In my research, I need to balance that some potential participants may ‘need’ the money they are being offered to participate in the research but others might want to participate because they want to see some change and this might be the first time someone has listened to their story.

Why is it important to undertake the study of vulnerable populations?  

Their voices are missing from decisions that are made about them. Former detainees are an under-researched group. Individuals with ‘lived experiences’ have valuable insights, which can assist policymakers and practitioners in the design of policies and programs that affect not only them but also their families and friends.

You can listen to some of the experiences of currently incarcerated individuals and former detainees at Jailbreak Radio and The Secret Life of Prisons.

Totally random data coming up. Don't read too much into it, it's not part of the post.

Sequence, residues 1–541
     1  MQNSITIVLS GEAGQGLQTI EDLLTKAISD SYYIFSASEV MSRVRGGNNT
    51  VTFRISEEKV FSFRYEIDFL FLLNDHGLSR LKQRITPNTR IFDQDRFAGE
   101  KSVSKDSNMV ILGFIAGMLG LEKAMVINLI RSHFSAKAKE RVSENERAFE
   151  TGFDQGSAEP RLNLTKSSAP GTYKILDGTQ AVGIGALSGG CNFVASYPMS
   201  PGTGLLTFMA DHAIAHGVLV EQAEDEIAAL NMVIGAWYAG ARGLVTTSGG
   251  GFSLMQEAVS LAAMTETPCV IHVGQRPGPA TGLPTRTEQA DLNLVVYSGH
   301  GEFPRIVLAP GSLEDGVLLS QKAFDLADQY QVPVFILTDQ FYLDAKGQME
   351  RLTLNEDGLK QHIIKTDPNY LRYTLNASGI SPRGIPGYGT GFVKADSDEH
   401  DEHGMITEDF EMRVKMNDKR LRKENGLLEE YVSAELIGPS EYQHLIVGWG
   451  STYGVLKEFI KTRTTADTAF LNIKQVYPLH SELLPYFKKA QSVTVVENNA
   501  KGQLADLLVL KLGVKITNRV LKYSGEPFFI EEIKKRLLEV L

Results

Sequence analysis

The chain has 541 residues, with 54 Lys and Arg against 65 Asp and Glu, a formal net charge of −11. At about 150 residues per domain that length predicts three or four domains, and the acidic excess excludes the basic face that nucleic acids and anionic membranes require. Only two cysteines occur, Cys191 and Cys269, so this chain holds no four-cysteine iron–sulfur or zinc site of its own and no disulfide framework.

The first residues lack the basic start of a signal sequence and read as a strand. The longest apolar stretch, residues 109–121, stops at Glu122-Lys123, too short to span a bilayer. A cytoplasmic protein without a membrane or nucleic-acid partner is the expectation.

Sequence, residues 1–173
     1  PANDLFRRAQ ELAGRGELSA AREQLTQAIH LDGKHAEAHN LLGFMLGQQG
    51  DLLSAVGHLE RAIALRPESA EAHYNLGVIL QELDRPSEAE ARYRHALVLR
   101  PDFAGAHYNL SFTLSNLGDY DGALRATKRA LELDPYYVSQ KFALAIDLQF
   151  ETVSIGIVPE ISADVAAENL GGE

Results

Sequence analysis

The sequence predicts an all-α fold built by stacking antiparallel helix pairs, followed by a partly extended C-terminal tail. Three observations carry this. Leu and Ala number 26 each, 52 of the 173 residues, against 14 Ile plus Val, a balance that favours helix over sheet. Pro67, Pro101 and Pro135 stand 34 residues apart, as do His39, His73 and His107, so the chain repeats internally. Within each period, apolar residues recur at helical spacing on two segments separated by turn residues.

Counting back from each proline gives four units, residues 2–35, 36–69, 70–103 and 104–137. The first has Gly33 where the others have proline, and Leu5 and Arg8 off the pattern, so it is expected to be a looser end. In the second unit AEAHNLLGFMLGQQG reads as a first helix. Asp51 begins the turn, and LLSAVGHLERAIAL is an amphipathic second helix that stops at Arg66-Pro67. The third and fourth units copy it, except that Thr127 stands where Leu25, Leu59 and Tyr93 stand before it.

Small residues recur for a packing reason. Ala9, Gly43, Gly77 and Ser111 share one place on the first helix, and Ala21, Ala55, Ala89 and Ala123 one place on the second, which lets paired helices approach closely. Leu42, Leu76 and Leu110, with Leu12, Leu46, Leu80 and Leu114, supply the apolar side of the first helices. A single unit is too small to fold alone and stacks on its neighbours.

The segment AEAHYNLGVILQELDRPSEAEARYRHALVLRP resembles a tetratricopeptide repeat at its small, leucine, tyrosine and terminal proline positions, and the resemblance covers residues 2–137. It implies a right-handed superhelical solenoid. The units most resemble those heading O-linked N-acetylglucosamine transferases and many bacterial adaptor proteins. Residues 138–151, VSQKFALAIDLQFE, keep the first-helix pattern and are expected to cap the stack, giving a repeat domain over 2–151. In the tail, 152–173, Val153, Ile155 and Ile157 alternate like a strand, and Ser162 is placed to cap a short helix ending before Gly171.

Who does the research of at-risk and vulnerable populations benefit, and how?

It can benefit the population you are researching and organisations that provide to support to them. 

As a simple example, when some individuals are released from the Alexander Maconochie Centre (Canberra’s adult prison) they may not have someone to have collect them and they may have missed the last bus or have to wait around for two hours for the next bus. Some individuals have told me how they have to walk to the nearest bus stop (around 5kms). A small change could be ensuring that there is transport available for someone when they are released, as this small change could make a significant different to an individual’s experiences post-release.

Caroline Doyle is a Lecturer in the School of Business at UNSW Canberra. Caroline completed her PhD at the School of Business at UNSW Canberra. Her doctoral research focused on explaining the recent reduction of homicides the city of Medellin, Colombia has experienced. Caroline has extensive fieldwork experience in Latin America. Her research draws from her legal and policy experience analysing how policymakers develop and implement policies to respond to social problems, such as crime and violence.